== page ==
Choosing Your Mongol Rally Team

Choosing Your Mongol Rally Team


It’s hard to know before a stressful situation exactly how people are going to respond to said stress. I’ve compiled a series of questions to ask of each other to determine your compatibility as travel partners for the Mongol Rally.

All questions must be answered as honestly as possible. Lies will not only hurt the teller, but everyone else involved.

  1. What is your preferred accommodations? Hotel? Hostel? Campgrounds? Couch surfing? Sleeping in the car? Wild camping? Sleeping under the stars? Passing out drunk on sidewalks? You’re going to want to be very clear about this before you agree to move forward.
  2. What’s the earliest you are capable of being ready to hit the road? 6am? 8am? Noon? Be honest. This WILL become an issue.
  3. Do you have any chronic physical needs? Neck/back pain, gastric issues, migraines? How do you plan to manage this when there is no solution available to make it better? Be real with yourself about your physical needs
  4. How much do you plan to drive every day? Are you willing to relinquish the wheel without a power struggle? Are you willing to not just take over when needed, but assertively and cheerfully say, “My turn!” It gets hard to get out of the drivers seat, but it also gets hard to get out of the comfort of riding. Can you peel yourself out of either using your own will?
  5. Can you pack for 10 weeks in just a backpack? If no, reconsider doing the rally. And I’m not exaggerating when I say you really only need 3 pairs of pants, a skirt, maybe a dress, a few t-shirts, a couple long sleeves, and a few warm layers.
  6. Can you fight but still talk through a situation that needs a decision right now? This means putting aside anger, hurt feelings, pride, etc., to find a solution. You can yell at each other after the pending threat is over. Can you do that? If you bail on making a decision then you’re abandoning your team!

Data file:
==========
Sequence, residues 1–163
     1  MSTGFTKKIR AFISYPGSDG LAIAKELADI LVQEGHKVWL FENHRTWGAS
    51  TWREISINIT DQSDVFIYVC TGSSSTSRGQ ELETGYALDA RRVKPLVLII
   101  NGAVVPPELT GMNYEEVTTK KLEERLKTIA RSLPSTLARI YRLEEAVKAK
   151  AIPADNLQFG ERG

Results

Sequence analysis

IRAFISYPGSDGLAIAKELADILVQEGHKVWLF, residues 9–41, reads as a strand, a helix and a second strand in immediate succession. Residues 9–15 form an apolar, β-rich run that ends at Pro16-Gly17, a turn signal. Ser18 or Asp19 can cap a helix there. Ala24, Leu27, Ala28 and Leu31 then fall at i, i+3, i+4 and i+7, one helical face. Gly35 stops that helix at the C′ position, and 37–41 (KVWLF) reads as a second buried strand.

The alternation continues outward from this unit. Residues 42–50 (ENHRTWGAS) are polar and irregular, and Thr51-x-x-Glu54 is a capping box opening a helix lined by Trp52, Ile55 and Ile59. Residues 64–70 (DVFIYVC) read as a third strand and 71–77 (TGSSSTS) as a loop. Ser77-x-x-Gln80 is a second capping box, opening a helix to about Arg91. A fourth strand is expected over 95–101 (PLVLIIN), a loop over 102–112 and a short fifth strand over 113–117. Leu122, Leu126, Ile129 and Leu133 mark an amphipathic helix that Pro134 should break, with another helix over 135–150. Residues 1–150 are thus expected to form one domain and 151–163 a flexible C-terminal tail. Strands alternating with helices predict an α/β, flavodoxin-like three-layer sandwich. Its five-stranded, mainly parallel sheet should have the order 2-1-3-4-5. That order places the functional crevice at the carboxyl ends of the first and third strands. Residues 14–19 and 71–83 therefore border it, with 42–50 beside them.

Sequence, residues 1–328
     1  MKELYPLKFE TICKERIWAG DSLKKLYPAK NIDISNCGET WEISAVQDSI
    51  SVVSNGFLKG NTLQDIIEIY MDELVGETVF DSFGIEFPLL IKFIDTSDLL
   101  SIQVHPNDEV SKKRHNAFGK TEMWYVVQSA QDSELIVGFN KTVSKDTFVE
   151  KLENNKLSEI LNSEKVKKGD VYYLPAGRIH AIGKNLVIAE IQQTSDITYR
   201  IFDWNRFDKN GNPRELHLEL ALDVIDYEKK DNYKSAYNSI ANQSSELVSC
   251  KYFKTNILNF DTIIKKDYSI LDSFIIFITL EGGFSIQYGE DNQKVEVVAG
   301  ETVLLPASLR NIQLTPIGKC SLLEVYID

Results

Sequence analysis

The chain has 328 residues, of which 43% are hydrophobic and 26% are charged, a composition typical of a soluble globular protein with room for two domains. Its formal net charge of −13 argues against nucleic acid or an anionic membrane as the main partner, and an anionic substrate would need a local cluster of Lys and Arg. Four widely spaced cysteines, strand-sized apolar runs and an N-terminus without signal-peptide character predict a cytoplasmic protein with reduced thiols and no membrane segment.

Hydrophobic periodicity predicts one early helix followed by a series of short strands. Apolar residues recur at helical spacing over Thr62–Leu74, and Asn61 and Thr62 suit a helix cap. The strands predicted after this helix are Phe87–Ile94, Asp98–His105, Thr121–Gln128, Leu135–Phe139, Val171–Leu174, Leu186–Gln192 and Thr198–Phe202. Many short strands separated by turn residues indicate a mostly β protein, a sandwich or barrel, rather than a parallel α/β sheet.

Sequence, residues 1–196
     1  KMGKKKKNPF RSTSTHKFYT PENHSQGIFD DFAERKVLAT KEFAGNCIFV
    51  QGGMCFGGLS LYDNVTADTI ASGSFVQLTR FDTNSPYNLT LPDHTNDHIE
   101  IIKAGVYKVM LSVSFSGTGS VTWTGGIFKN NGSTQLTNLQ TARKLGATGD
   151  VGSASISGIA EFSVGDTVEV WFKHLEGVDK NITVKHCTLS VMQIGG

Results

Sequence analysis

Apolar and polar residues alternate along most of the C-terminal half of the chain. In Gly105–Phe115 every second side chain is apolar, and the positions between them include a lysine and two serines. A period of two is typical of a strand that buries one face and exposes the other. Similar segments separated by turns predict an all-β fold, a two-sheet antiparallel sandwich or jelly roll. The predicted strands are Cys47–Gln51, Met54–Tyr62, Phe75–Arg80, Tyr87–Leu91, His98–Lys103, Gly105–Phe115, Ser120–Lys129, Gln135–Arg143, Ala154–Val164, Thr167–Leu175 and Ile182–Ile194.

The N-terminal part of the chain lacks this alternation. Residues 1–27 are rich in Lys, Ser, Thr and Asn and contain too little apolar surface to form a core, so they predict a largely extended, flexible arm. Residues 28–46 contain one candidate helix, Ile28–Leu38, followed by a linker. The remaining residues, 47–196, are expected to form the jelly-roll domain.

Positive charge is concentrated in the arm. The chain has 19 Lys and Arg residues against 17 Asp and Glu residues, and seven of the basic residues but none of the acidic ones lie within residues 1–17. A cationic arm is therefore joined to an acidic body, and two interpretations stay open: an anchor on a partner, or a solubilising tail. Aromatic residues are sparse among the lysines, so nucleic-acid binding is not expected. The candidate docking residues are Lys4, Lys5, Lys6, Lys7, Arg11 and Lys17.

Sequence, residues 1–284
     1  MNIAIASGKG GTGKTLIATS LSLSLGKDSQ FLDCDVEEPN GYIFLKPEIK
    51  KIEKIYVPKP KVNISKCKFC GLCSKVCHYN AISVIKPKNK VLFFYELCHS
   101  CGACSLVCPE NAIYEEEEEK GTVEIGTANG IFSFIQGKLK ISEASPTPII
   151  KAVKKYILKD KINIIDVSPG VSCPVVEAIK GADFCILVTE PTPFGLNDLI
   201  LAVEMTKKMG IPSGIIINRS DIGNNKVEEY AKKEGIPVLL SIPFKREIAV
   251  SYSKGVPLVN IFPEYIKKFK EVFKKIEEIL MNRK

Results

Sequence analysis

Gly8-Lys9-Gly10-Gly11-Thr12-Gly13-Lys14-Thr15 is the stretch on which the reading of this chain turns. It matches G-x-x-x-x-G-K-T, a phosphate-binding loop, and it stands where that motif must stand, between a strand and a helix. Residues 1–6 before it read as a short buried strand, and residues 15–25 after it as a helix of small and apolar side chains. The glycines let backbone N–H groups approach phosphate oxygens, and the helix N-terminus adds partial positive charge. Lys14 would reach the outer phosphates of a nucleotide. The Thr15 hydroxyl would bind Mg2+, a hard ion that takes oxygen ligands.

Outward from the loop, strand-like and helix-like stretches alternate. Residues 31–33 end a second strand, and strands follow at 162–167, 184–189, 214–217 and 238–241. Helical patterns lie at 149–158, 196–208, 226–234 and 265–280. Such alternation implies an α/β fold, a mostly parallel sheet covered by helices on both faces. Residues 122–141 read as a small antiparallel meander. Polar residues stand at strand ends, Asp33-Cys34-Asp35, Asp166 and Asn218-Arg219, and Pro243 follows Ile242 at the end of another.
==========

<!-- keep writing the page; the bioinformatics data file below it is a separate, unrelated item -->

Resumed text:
7. Can you follow through on what you’ll say you will do? Fundraising is hard work. You must be committed. Getting up at 4:30am is rough, but you said you’d do it. Can you make yourself do things you don’t want to do?
  8. Do you expect to follow a strict itinerary or are you able to travel with a rough idea and then go with the flow day-to-day? The Mongol rally will demand the latter, but you also need to plan out mileage per day when it’s required to get out of a country before visas run out.
  9. No matter how strong or weak you are physically are you willing to pitch in all the strength you do have without being asked? Cars will need to packed, tires changed, and cars pushed.
  10. Are you willing and able to see what needs to be done and simply do it without being asked and without expectation of pay back, thank you, or retribution?
  11. Can you travel in extreme conditions with the worst hangover you’ve ever had while making decisions about things you don’t understand in a language you don’t know without being an asshole? If no, please be prepared to apologize to your team-mates on a regular basis.
  12. How do you handle serious sleep deprivation? Ask yourself how you handle stress after a week of about 4 hours per night. Answer honestly. Spoiler alert: we all crack. How will you handle it?
  13. How often do you require a shower? Side note: I would like to say as a rally veteran that I’m super proud of my team for their amazing ability to go without showers.
  14. Do you require western style toilets and toilet paper? This is not a trick question.
  15. How do you feel about doing both your No. 1 and No. 2 business in fields, woods, deserts, etc.?
  16. Ladies: how do you plan to handle your period and everything associated with it while traveling through countries without regular facilities?
  17. Can you sleep in a tent, on the ground, on the floor, in the common area of a hostel, or in a car? If no, reconsider doing the rally.
  18. Define an expectation of budget. CLEARLY define the amount of money required to do the style of rally you have agreed upon.
  19. Are you polite in everyday situations? “Please, Thank you, you’re welcome, I’m sorry, it’s ok.” It’s a little thing but goes a very long way to keep team relations happy. Can you utilize that same politeness under pressure? Under extreme stress and distress? Probably not all the time, but if you can at least try, and more importantly if you can genuinely apologize then you’ll be alright.


And, just as an added note, the rally will make you drink.


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